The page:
Analysis: Sector bodies lament the end of Whitehall largesse

John Plummer examines why the government is phasing out its Strategic Partners programme by 2014

David Tyler, chief executive, Community Matters
David Tyler, chief executive, Community Matters

Last week's announcement by the Office for Civil Society that it will close its strategic partners programme was hardly a surprise.

Nick Hurd, the Minister for Civil Society, had for some time talked sceptically about the scheme, which pays a few selected charities millions of pounds to ensure the voluntary sector's views are heard in government. He told Third Sector last August that it was "a fairly illogical programme" with little rigour about amounts given and returns expected.

Like Capacitybuilders, the Commission for the Compact and the Third Sector Advisory Body, the programme was a product of the Labour years, and was perceived by some in the new regime as an indulgence, especially in a climate of spending cuts. Nevertheless, its closure will be acutely felt.

Forty-two organisations, including the National Council for Voluntary Organisations, the Institute of Fundraising, Acevo and Navca shared £12.2m this financial year alone. The £1.09m received by the NCVO was a tenth of its income.

The programme was introduced in 2005 as a strategic funding programme by the Home Office, which had previously run an 'active partners programme' for charities. Responsibility was transferred to the Office of the Third Sector - later renamed the Office for Civil Society - when it was founded in May 2006.

The scheme gave third sector organisations unrestricted funding to be used for advising ministers, promoting the sector and undertaking research. It was a fairly informal relationship governed by a memorandum of understanding.

David Tyler, chief executive of Community Matters, one of the partners, says the emphasis of the programme appeared to shift from funding infrastructure organisations to the more general purpose of providing a voice in Whitehall. It helped small charities in particular get the ear of politicians, he says.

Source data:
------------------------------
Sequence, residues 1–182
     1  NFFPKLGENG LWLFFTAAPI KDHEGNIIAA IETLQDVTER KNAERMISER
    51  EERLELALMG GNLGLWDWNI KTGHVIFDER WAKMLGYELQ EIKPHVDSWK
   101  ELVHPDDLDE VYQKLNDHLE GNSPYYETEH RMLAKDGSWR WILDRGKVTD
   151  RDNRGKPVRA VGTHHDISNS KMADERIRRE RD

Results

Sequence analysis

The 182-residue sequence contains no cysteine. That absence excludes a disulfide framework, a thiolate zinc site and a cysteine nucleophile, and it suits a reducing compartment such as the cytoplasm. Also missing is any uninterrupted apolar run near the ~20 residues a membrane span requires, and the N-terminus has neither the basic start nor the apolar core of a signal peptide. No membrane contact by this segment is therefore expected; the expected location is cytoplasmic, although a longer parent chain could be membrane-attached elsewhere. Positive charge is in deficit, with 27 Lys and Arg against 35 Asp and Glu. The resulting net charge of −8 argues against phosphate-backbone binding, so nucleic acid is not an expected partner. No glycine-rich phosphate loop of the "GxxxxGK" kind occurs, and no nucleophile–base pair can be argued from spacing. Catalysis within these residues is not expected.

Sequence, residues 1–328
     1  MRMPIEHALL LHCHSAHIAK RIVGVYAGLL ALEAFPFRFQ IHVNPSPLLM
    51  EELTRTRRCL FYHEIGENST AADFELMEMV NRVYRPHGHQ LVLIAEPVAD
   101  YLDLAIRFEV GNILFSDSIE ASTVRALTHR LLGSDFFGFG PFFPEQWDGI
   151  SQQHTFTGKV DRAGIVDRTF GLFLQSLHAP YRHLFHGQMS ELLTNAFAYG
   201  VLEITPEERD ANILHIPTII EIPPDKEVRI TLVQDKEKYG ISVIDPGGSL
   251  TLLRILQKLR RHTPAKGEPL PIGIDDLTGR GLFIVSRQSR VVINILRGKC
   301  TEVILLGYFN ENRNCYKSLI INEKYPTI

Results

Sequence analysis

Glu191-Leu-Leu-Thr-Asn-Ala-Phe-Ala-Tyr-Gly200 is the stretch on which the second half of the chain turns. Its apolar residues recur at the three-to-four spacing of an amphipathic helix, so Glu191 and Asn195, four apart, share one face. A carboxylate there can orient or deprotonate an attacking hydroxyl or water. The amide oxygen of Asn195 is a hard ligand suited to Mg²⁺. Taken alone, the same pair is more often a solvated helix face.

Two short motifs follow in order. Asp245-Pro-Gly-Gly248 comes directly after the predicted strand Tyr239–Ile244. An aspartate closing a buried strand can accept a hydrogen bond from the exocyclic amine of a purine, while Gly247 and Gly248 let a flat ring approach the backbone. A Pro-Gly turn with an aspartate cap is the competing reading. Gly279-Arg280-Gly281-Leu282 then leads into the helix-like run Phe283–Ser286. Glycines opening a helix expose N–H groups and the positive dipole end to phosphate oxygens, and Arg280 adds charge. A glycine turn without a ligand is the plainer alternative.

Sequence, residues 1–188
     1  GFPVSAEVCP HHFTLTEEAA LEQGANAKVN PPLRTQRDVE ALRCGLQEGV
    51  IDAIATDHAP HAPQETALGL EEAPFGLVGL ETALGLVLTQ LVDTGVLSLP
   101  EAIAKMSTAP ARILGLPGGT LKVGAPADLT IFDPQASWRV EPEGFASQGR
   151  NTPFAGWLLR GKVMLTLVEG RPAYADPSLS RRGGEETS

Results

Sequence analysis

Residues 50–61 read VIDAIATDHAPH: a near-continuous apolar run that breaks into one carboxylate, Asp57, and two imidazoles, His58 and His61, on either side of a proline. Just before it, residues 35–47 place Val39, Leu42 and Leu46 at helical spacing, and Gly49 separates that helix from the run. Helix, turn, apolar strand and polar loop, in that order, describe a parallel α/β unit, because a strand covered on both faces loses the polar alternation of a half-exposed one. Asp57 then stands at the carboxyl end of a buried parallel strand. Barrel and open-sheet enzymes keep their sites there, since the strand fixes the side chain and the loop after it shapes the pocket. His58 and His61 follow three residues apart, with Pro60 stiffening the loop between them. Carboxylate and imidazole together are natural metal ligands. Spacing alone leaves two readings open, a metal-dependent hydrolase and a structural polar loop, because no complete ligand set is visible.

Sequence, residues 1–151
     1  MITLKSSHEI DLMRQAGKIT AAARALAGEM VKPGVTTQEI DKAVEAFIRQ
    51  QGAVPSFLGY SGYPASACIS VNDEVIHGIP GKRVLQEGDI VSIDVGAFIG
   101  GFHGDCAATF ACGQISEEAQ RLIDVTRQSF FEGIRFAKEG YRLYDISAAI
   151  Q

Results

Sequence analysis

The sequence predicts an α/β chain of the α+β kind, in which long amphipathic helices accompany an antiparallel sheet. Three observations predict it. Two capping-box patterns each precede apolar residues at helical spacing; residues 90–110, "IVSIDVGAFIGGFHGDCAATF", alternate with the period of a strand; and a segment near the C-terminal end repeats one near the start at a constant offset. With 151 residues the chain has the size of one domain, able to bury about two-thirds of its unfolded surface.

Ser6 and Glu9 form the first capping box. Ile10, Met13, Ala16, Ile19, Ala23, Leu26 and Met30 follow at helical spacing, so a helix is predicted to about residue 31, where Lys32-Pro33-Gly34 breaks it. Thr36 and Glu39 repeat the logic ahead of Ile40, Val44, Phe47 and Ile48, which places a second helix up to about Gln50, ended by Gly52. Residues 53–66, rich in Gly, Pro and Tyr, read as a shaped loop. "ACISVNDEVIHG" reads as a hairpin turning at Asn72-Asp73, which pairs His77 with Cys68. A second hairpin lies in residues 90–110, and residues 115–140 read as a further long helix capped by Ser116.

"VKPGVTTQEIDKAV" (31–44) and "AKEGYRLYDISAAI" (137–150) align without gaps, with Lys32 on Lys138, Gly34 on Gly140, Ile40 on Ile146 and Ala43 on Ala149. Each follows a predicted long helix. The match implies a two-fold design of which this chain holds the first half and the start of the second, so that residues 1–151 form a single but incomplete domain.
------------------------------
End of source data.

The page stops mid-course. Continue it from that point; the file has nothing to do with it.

"Unless ministers make a concerted effort to get a broader range of opinions and evidence, there is a danger that they will always act on the views of a pretty small sample," he says.

OCS evaluations of the partners in 2009, released after Freedom of Information Act requests, painted a generally positive picture. Navca, the local umbrella body, was described as a "trusted adviser" and the NCVO was praised for raising the profile of the sector. But the coalition government evidently did not feel it was necessary to pay third sector organisations so much for fairly ill-defined purposes.

Two months after the election, Hurd wrote to partners saying a new, smaller scheme would be introduced. Many of them, especially major recipients like Volunteering England and the NCVO, began the process of cutting jobs without waiting for the precise figures.

Last week Hurd wrote again, confirming that the initiative would end and that existing partners could apply for transitional funding of £4m in 2011/12, £3m in 2012/13 and £2m in 2013/14. The programme, he said, lacked a clear purpose and money could be better spent elsewhere.

The shadow civil society minister, Roberta Blackman-Woods, described the abolition of the fund as a "drastic decision" that "shows that the government doesn't understand how important it is to build a framework of support for voluntary organisations".

Seb Elsworth, director of policy at the chief executives body Acevo, which received 8 per cent of its income from the programme, said it had been expecting cuts but not a tapering down to zero.

Ben Kernighan, deputy chief executive of the NCVO, says the funding helped it to "influence the government across a wide range of policy areas".

Toby Blume, chief executive of Urban Forum, concurs. "It gave us a voice and provided a conduit between our members, which are small organisations, and policy-makers," he says.

"It was never about being paid to be nice to government - quite the opposite. We felt it was our responsibility to be constructively critical."


£1,655,700 Volunteering England
£1,103,800 CSV
£1,090,260 NCVO
£1,050,600 Mentoring and Befriending Foundation
£534,000 Social Enterprise Coalition
£525,300 TimeBank
£484,600 Youthnet UK
£424,753 Navca
£331,200 BTCV
£323,100 National Youth Agency
£275,953 East of England Black and Minority Ethnic Network (Menter)
£275,953 Council of Ethnic Minority Voluntary Organisations
£269,300 Institute of Fundraising
£261,603 Community Matters
£252,602 Community Development Exchange
£242,143 National Council for Voluntary Youth Services
£210,125 Action with Communities in Rural England
£210,125 Acevo
£210,100 Community Foundation Network
£210,100 Citizenship Foundation
£196,993 Women's Resource Centre
£157,600 Youth Action Network
£155,006 Bassac
£154,812 Charities Evaluation Services
£145,624 Development Trusts Association
£126,000 Association of Charitable Foundations
£124,000 Social Firms UK
£123,711 Community Action Network
£118,195 Foyer Federation
£103,000 Co-operatives UK
£96,132 Urban Forum
£94,600 British Youth Council
£94,556 Consortium of LGB&T VCOs
£94,556 Charity Trustee Networks
£90,538 Church Urban Fund
£90,000 Social Enterprise London
£84,313 Third Sector European Network
£74,000 School for Social Entrepreneurs
£65,000 Plunkett Foundation
Source: cabinet office

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